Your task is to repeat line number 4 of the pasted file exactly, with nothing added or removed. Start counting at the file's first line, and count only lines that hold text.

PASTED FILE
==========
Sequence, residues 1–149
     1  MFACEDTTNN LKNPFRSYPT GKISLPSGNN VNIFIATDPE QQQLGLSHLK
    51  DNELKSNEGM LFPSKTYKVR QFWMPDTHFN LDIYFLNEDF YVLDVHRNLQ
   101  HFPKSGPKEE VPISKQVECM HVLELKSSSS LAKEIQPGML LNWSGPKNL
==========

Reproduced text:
   101  HFPKSGPKEE VPISKQVECM HVLELKSSSS LAKEIQPGML LNWSGPKNL